A deadly chemical was in the container from which a Croat war criminal drank shortly before dying, a Dutch prosecutor said Thursday, as an independent investigation into the dramatic death of Slobodan Praljak continued.
Presiding judge Carmel Agius immediately suspended the proceedings saying "Don't take away the glass that he used when he drank something", and an ambulance was called.
A Bosnian Croat war criminal died yesterday after apparently drinking poison in dramatic courtroom scenes after United Nations judges upheld his 20-year jail term, Croatian media said, throwing the tribunal into chaos during its final judgement.
Preliminary testing confirmed that the cause of death was "drinking a liquid that can kill", spokesman Vincent Veenman of the public prosecutors office in The Hague said.
Before the Bosnian conflict, he had been a writer and film director.
A reading of the judgment, which was also ruling on appeals against convictions and sentences against five other Bosnian Croat convicts, resumed more than two hours after Praljak drank the apparent poison.
The 1992-95 war in Bosnia, in which 100,000 people died and 2.2 million were displaced, mainly pitted Bosnian Muslims against Bosnian Serbs, but also saw brutal fighting between Bosnian Muslims and Bosnian Croats after an initial alliance fell apart, the Guardian reported.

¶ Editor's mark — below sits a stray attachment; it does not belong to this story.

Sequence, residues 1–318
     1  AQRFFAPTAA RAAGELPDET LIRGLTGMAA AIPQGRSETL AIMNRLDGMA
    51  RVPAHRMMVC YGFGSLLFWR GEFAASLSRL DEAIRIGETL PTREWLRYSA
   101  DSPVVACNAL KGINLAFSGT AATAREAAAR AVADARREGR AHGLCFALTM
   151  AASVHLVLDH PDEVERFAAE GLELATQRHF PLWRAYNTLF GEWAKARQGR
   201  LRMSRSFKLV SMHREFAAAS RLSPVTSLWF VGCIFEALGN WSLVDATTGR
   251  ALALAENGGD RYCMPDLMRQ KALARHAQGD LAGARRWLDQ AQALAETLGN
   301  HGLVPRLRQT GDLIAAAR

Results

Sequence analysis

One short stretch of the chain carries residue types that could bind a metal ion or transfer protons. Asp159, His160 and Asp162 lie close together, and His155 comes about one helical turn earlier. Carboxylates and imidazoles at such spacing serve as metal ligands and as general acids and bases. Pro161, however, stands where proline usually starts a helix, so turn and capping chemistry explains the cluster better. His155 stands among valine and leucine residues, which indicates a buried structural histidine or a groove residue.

The unprecedented drama came as judges handed down their very last verdict at the court in the appeal case of six Bosnian Croat political and military leaders.
Before the war, Praljak directed productions in theaters across Bosnia, notably in the southern city of Mostar, where he was accused of ordering the destruction of the city's Old Bridge, one of the most striking Ottoman monuments in the Balkans and a jewel of Bosnia's Islamic heritage.
The wartime commander of Bosnian Croat forces said in court that he had taken poison.
Judges ruled there had been a criminal conspiracy, with the involvement of Croatia's government under then-President Franjo Tudjman - who died in 1999 - aimed at the "ethnic cleansing of the Muslim population" of parts of Bosnia to cement Croat domination there.
"Slobodan Praljak is not a war criminal".
In the complex ruling the judges upheld the jail terms against all six defendants, including a 25-year sentence imposed on Jadranko Prlic, the former prime minister of the Bosnian Croat statelet, known as Herzog-Bosna.